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Oprah

Oprah-iate of the People

On finding a new (and unexpected) appreciation for Oprah.

BY Bhaskar Sunkara

The more I wanted to attack Oprah, the more I sympathized with her.

In preparation for this piece, I spent a few days marinating in all things Oprah. It was shameless. I read back issues of O: The Oprah Magazine on the subway, played her YouTube interviews without headphones, and left “Oprah’s Life Work Tools” browser tabs open for the world to see.

I was looking for quick hits, anecdotes to frame a polemic around, and enough secondary analysis and quotes to fill out the word count. The hits were easy.

Oprah is often attacked for bandying glib self-help: Look inward to diagnose yourself and then medicate by buying a bunch of stuff. After all, she founded a television network with the acronym “OWN.” On her website, the “Oprah Lifeclass” section headlines with “Lesson 1: The False Power of Ego,” which educates the reader with eight photos of Oprah and 46 mentions of her name.

But in pursuit of snark, I took a few sips of the Kool-Aid. Not exactly in Oprah’s target demographic, I was still vulnerable to her call. In the chaotic transition from college to pretending to work for a living, during a few months rocked with personal turmoil, the message, intended for middle-aged women, resonated: “You’re special, you have some flaws, but it’s nothing some luxury lifestyle products can’t fix.”

Sure, like any cult, Oprah’s plays on our most tender insecurities and encourages us to look to a figure of wisdom and authority. But she’s nothing more than a product of her age, hardly worthy of vilification.

Oprah’s critics have plenty to use against her. She trumpets The Secret, a tract from Rhonda Byrne that posits the “law of attraction”—perhaps the most controversial aspect of the idea being that positive thinking can attract desirable material events. Got in a car accident? Maybe it was because you were thinking about car accidents too much, as opposed to a presumably safer approach: not thinking about driving at all. The logic is stunning.

But what makes The Secret, with its extreme and nonsensical idealism, more offensive than the dominant mythology of meritocracy—a faith that ignores environmental and material causes of poverty? Both notions shift responsibility away from society and back to the individual, and both rely on moralizing tropes and mantras of self-empowerment over concrete assistance to struggling people.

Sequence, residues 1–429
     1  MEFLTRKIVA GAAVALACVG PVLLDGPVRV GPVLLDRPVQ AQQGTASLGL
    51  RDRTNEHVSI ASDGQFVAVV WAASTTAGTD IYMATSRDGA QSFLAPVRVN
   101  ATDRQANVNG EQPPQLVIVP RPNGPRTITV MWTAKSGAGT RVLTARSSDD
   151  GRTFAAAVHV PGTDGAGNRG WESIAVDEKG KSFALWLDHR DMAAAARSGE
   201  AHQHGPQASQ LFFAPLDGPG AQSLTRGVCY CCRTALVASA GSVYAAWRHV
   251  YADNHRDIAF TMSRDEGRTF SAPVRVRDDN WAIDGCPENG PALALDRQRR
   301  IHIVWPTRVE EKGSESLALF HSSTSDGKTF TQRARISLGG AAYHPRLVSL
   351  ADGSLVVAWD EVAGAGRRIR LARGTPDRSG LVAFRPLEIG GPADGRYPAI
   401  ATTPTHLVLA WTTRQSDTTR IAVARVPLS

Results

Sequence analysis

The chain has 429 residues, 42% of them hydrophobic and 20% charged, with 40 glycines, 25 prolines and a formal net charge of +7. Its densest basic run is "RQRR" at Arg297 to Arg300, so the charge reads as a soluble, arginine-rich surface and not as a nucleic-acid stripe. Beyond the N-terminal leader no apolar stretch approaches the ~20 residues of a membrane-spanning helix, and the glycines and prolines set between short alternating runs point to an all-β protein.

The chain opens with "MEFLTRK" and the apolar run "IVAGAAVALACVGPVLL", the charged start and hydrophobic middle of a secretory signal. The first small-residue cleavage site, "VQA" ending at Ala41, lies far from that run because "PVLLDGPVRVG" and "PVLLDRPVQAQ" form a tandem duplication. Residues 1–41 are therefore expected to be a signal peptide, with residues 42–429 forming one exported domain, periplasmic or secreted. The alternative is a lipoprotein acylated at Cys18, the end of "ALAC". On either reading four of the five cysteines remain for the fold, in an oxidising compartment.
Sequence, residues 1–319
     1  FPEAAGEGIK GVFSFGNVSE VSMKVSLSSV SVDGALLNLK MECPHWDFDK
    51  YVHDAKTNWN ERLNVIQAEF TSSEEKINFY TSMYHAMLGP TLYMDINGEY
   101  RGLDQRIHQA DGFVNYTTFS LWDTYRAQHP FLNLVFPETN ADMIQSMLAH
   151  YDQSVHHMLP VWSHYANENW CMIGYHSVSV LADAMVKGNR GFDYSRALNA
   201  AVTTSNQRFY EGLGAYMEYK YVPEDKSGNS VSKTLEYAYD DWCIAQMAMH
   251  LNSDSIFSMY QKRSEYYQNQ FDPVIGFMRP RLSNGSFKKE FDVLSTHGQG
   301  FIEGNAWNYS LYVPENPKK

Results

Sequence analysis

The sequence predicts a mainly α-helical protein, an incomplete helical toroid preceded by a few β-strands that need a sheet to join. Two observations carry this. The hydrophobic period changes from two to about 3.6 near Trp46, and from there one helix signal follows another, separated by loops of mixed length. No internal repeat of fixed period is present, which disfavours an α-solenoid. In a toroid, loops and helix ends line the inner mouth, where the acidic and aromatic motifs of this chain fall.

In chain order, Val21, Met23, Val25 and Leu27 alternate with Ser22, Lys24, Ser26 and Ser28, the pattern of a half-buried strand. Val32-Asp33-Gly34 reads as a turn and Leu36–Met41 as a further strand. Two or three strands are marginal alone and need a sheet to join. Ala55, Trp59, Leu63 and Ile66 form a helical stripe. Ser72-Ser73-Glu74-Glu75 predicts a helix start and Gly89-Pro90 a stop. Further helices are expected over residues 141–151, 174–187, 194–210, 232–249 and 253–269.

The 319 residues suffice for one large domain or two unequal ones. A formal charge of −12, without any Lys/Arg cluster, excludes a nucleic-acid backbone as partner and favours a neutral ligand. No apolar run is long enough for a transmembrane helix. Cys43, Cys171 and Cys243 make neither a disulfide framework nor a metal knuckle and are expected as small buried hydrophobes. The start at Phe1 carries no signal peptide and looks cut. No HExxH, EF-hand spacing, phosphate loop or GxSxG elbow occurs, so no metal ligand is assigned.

And what makes Oprah’s brand of philanthropy worse than any other? True, charity of that type hides underlying structural issues and individualizes social problems, but is there really something insidious in one wealthy woman ineffectively throwing some of her personal fortune at our battered social safety net?

We live in a society based on consumption and individual competition, and Oprah’s solutions to life’s problems reflect both this society and her own background as an African-American woman succeeding against cultural expectations.

The more I wanted to attack Oprah, the more I sympathized with her.

I was reminded of Karl Marx’s frequently misinterpreted critique of religion: “Religion is the sigh of the oppressed creature, the heart of a heartless world, and the soul of soulless conditions. It is the opium of the people.” Many have stripped those lines of their context. The sentence that follows explains: “To call on [workers] to give up their illusions about their condition is to call on them to give up a condition that requires illusions.” Marx’s problem wasn’t with religion itself, but with an exploitative environment that drew many to rely on religion.

So with the Oprah Winfrey Network in turmoil—$142.9 million in predicted revenue losses and falling ratings—I can’t celebrate. If Oprah goes, maybe we’ll be forced to dispense with consolation and face the bleakness of a society in decay, alone.

Bhaskar Sunkara, the founding editor of Jacobin, is an In These Times senior editor. Follow him on Twitter: @el_bhask

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